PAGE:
The regulations to the Americans with Disabilities Act include a non-exhaustive list of reasonable accommodations that may apply to allow an employee with a disability to perform the essential functions of the job. They include job restructuring; part-time or modified work schedules; reassignment to a vacant position; acquisition or modifications of equipment or devices; appropriate adjustment or modifications of examinations, training materials, or policies; the provision of qualified readers or interpreters. There’s also a catchall: “other similar accommodations for individuals with disabilities.”
WWE great The Undertaker is 50 years old. He’s an eight-time Heavyweight Champion. But, his greatest feat is
never missing one of my posts his streak of 21 consecutive wins at Wrestlemania. But then, at Wrestlemania XXX, the streak ended.
Do you think that The Undertaker’s age motivated the WWE’s decision to script this loss — yes, sorry, it’s scripted? In that context, the notion of age discrimination seems silly. But, what about at work?
Where a 20-year employee with an exemplary record is suddenly fired…
Something else you may not know about me.
But then, on Sunday, it’s back the Bloggerdome for a new post. For this one, let’s talk about
R. Kelly a recent Fourth Circuit decision in which the appellate court recognized that a single incident — one touch — may create a hostile work environment.
I’m feeling generous today. And that’s strange because usually I spend my Fridays dangling hundred dollar bills down to the street from a fishing pole in my office, trying to avoid the catch. But, the past few days changed my mindset.
You see, earlier in the week I was introduced to an in-house lawyer who was seeking information on the Family and Medical Leave Act. And, as it so happens, yesterday I received an email from a reader of the blog. Well, not just any reader. This email was from one of my best readers. And she just started a new FMLA blog called Matrix Radar: Adventures in Absence Management and Accommodation. The name alone sounds like something that would not only satisfy the needs of the biggest FMLA dork, but also supply me with the Director’s Cut of Neo and Trinity rescuing Morpheus.
Well, 50% ain’t bad. And I recommend that y’all check out Matrix Radar.
To those who you who receive my blog posts via email, I’m sorry. Yesterday, we had some technical difficulties and my card check post didn’t make it into your inbox. I realize that for some of you — ok, all of you — my blog posts are an icy-cold bottle of beer in the arid desert that is your mid-week slog. Again, I’m sorry. I’ll
release the wrongdoers from the shackles in my basement do better.
But just to be safe, as a Versace belt to the Hermes suspenders, you may want to like The Employer Handbook on Facebook. Every post is shared there.
Now, back to employment law and what-not.
Remember the Employee Free Choice Act? Back in 2009, the Employee Free Choice Act, also known as “card check,” was introduced in both the Senate and House. The bill had three components:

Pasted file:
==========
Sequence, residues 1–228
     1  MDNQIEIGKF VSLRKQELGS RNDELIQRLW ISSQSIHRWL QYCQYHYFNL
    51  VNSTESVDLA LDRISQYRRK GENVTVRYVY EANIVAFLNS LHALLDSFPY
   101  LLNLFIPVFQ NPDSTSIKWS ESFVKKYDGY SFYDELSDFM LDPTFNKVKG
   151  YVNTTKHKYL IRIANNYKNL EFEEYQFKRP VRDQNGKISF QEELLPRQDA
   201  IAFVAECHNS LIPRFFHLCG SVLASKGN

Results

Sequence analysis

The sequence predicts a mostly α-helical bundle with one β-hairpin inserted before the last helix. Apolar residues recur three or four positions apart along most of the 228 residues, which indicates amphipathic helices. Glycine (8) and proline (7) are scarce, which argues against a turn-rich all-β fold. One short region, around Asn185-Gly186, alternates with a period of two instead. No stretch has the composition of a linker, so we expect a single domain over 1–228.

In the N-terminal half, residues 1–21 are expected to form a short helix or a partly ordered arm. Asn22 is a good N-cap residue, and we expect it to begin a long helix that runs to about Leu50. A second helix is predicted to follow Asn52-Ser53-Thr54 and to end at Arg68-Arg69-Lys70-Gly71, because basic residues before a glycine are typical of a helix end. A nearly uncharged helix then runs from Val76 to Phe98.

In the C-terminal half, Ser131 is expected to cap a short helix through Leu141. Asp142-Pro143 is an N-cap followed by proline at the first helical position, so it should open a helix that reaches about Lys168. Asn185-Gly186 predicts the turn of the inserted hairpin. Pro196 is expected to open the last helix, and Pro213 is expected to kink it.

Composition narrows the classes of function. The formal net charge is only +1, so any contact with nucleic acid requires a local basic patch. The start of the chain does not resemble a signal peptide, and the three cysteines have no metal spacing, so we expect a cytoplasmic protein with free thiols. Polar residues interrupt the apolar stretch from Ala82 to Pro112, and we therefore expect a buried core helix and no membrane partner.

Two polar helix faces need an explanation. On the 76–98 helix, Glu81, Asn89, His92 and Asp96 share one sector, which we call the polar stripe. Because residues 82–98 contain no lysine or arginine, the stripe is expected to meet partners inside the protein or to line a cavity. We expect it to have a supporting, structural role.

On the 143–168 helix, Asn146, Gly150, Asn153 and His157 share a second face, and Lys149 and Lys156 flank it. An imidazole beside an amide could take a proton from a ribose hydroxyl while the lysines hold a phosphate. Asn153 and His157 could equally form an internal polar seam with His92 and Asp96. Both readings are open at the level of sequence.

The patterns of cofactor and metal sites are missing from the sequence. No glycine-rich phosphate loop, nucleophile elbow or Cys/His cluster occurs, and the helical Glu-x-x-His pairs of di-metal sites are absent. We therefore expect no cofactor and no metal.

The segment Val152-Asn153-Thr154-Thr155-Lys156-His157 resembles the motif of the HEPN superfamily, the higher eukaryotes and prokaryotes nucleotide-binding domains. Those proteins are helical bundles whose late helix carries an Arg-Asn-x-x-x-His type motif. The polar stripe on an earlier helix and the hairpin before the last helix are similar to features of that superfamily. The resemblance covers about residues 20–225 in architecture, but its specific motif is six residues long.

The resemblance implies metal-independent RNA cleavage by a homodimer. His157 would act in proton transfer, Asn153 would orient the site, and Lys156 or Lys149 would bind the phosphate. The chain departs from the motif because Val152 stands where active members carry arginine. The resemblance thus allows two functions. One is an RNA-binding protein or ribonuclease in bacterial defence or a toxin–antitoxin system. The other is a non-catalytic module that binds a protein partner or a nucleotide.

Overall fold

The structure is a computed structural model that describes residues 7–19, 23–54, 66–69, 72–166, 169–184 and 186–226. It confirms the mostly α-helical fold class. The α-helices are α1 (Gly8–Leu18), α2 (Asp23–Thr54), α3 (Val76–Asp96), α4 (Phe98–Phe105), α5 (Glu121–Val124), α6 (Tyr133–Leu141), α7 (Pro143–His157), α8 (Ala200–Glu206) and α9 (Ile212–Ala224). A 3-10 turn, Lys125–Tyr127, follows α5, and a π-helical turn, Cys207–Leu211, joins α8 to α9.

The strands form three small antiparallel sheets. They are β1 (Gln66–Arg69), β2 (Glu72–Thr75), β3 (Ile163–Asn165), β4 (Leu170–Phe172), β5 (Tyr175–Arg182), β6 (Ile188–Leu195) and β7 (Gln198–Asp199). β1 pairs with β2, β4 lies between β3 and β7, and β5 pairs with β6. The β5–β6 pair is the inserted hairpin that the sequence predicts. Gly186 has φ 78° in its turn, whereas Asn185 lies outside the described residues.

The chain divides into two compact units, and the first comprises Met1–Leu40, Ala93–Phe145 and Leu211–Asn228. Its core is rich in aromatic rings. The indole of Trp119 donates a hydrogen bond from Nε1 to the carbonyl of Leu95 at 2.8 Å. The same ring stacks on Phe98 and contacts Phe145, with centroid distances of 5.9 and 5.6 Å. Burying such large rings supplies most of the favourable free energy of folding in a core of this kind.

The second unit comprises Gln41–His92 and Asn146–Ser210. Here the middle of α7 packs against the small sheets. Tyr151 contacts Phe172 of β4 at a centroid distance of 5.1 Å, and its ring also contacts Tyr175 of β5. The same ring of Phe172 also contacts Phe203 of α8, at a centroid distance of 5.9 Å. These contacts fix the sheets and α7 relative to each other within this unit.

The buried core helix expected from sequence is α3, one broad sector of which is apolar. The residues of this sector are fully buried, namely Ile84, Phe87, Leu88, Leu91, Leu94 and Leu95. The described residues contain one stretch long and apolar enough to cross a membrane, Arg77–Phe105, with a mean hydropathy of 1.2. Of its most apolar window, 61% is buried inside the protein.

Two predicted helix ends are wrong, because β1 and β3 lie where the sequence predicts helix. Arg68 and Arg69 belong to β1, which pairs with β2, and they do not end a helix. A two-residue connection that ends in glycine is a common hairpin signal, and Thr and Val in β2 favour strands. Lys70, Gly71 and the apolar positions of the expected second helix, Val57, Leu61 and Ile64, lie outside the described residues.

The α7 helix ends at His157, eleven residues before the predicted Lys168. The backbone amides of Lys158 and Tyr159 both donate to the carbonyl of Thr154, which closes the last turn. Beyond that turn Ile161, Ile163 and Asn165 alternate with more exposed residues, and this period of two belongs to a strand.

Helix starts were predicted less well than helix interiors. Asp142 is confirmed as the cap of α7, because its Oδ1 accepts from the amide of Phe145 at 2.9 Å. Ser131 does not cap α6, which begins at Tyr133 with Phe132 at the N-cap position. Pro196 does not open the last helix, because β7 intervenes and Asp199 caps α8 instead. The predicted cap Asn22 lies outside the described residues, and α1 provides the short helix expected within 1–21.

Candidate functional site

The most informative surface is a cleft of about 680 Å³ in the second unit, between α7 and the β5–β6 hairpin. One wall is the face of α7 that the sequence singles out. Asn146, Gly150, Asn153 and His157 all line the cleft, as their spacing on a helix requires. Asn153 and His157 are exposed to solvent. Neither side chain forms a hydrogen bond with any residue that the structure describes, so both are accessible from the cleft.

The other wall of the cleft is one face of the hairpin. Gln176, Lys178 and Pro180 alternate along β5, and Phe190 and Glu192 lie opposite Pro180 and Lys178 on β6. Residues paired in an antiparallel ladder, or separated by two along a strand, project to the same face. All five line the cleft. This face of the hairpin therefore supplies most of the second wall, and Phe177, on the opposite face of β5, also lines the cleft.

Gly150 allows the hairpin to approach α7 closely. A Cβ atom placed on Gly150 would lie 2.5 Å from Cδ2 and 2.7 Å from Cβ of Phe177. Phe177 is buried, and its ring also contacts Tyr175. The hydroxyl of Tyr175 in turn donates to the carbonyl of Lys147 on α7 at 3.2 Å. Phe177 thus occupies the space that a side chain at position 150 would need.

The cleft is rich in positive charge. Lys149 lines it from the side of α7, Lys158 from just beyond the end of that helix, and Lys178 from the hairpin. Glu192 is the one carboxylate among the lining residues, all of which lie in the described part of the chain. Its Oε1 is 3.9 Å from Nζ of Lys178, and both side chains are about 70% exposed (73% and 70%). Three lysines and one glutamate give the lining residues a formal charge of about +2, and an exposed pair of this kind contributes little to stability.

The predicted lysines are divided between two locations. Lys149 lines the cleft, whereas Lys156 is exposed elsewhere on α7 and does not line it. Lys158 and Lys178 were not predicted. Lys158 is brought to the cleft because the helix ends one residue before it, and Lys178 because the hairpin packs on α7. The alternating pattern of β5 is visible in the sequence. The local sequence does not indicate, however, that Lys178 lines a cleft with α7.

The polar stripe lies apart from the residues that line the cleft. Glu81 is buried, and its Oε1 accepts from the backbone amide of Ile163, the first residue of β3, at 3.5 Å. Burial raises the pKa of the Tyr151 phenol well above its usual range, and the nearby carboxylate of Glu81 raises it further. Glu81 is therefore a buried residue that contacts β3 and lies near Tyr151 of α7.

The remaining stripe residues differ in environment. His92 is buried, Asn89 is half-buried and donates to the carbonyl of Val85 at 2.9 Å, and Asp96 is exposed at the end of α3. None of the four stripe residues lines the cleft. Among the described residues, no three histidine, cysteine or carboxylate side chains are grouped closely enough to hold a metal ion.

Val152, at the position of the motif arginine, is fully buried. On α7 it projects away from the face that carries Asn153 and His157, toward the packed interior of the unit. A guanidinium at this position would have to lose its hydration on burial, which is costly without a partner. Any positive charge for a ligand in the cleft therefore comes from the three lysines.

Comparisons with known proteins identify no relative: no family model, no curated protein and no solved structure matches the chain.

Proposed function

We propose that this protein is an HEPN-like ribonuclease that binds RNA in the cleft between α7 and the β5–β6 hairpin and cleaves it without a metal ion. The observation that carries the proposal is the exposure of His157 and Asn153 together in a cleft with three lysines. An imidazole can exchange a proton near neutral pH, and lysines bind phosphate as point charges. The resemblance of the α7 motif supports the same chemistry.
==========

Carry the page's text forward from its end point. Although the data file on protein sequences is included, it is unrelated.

- Requiring that an employer recognize a union if over half of the employees in the proposed bargaining unit signed union authorization cards (as opposed to voting for a union through a secret-ballot process);
- Expedited contract negotiations; and
- Harsher fines for unfair labor practices
The Americans with Disabilities Act requires employers to provide a reasonable accommodation, upon request, to an individual with a disability to enable that person to perform the essential functions of the job. Oftentimes, the questions arises: What are the essential functions of the job?
My readers are the best!
On Friday, I received two emails within 15 minutes of one another, encouraging me to blog about this story. Kenneth Hilario at the Philadelphia Business Journal writes about an employee of an NJ company who is suing her employer. What makes this story special? The company allegedly fired the spouse’s husband, the company’s controller, because of his “extreme gas and uncontrollable diarrhea.”
Butt slaps are rarely appropriate. Not in the courtroom. Not in the workplace. Even Buttslaps, LLC in Butte, Montana frowns on butt slaps at work.
(I totally made that last part up. Don’t Google it).
Where am I going with this?
Hell When an employee sues for sexual harassment, he or she must prove several elements. One of those elements is that the employee was offended by sexual conduct directed at them.
Yesterday, I had the privilege of presenting a webinar for LexisNexis with my colleague, Larry Holmes, and Sterling Miller. Larry and I have served in the restrictive-covenant trenches together many times. Sterling serves as Senior Counsel at Gober Hilgers. He’s also the former General Counsel and Chief Compliance Officer to Sabre Corporation and former General Counsel to Travelocity.com. And without any prodding from me, Sterling admitted to reading this blog. Clearly, he’s good people.
Anyway, about that webinar. The three of us riffed for an hour and twenty on the ins and outs of non-competition and non-solicitation agreements. Plus, we offered some drafting tips and discussed ways to protect confidential information. And, of course, I couldn’t resist intersecting those topics with social media. Secret sauce, anyone? At the end, we took 15 minutes of questions from folks like you.
If you’d like to get a copy of the webinar, I’m pretty sure that I can hook you up. (Don’t let me down, Lexis!) Drop me a line and I’ll do my best to take care of you.